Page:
Rapid LFD response heads off fire at former Champion Mill

An “unattended” warming fire that got out of control is being blamed for damaging the last structure at the site of the former Champion Mill on Burdell Boulevard, which burned Monday, Nov. 11.

According to the Lebanon Fire District, a driver traveling on Santiam Highway Monday afternoon noticed light smoke coming from a commercial building on Burdell Boulevard and dialed 911 to report the incident at 2:50 p.m.

Firefighters responded to the former Champion Mill site behind Walgreens where the first arriving unit reported heavy smoke from the lone 8,500-square-foot commercial structure remaining on the old mill property, according to the LFD.

Due to the potential for a large-scale fire, the incident commander called for a second alarm to bring additional resources to the scene and to cover the Lebanon Fire District while on-duty crews battled the fire. Fire crews were able to make a rapid, aggressive attack on the fire from the exterior of the structure, which stopped the blaze in its tracks and saved the structure, according to an LFD statement.  Damage was limited to some interior structural components with some heat and smoke damage to the metal structure.

The property is believed to have been recently remitted to Linn County due to unpaid taxes, according to the LFD.

Firefighters had to cut locks from large bay doors to make access to the structure while additional crews used powerful circular saws to cut access holes in the metal structure and direct water streams on the fire burning inside. The fire district’s new ladder truck was used to combat the fire as well. Crews extended the ladder into the structure from ground level where they could then use the remote nozzle to direct fire streams upwards towards the ceiling where heavy fire had built. Once the main body of fire was knocked down, crews entered the structure with hoses to finish extinguishing the fire and mop up remaining hot spots, according to the statement.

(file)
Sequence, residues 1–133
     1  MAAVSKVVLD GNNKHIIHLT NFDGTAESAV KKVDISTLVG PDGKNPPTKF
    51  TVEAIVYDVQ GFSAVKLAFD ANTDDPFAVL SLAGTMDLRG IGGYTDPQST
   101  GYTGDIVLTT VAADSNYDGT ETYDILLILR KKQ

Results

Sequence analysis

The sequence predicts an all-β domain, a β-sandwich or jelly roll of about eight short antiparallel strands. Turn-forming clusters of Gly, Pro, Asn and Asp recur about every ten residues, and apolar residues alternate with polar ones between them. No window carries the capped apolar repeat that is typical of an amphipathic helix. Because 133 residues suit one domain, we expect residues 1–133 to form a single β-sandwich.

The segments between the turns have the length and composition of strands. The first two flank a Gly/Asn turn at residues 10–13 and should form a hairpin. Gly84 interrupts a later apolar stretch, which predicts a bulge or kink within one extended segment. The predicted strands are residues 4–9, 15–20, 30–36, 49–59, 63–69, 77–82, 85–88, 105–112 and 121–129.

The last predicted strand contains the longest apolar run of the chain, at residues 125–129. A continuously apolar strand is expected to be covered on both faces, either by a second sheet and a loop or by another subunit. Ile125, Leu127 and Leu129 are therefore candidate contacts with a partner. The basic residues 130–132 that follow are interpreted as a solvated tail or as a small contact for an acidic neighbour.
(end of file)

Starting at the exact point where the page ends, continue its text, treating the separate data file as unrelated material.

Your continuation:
The Lebanon Fire Investigation Team was activated and four fire investigators remained on scene to determine the cause and origin of the fire.

Crews shoot water into the building after cutting a hole in the wall to gain access.

According to Lebanon Fire Marshal Jason Bolen, investigators were able to determine the area of origin of the fire but extensive damage from both fire and suppression efforts prevented investigators from singling out a specific cause. There were signs of forced entry into the structure through a wall panel, and the building was known to the Lebanon Police Department to be a home to transients.

“Based on the information gathered from our investigation it is possible that this fire was caused by a warming fire which was either left unattended and spread or simply got out of control.” Bolen said. “We were unable to determine a credible source of ignition, which unfortunately means that the cause of this fire will remain undetermined unless someone comes forward with additional information.”

Lebanon firefighters were assisted on scene by the Sweet Home Fire & Ambulance District and the Albany Fire Department. Officers from the Lebanon Police Department also assisted on scene.

Firefighters from the Scio Fire District stood by at Station 31 and the Albany Fire Department provided a medic unit for district coverage.

Fire crews had the blaze under control in about an hour and were on scene for three hours. There were no injuries to firefighters or civilians, according to the LFD.